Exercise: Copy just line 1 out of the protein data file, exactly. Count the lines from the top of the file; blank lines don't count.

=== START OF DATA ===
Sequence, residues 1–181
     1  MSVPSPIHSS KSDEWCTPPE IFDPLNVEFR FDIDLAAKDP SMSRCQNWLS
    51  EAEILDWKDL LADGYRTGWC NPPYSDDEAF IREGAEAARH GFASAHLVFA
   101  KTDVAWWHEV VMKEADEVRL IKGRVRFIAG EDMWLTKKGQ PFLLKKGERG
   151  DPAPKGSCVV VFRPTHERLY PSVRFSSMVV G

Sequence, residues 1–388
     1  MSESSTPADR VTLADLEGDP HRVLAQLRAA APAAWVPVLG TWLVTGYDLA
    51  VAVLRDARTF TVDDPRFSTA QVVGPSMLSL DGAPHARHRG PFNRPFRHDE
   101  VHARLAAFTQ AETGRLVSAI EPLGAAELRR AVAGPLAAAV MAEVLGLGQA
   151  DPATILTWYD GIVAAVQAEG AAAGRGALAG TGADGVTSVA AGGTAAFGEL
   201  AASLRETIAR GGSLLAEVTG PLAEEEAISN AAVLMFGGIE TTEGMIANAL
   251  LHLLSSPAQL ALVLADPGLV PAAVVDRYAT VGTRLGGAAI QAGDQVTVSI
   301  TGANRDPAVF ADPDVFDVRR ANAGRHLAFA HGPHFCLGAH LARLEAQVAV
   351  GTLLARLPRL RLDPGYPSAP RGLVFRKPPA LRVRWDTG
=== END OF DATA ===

Sequence, residues 1–181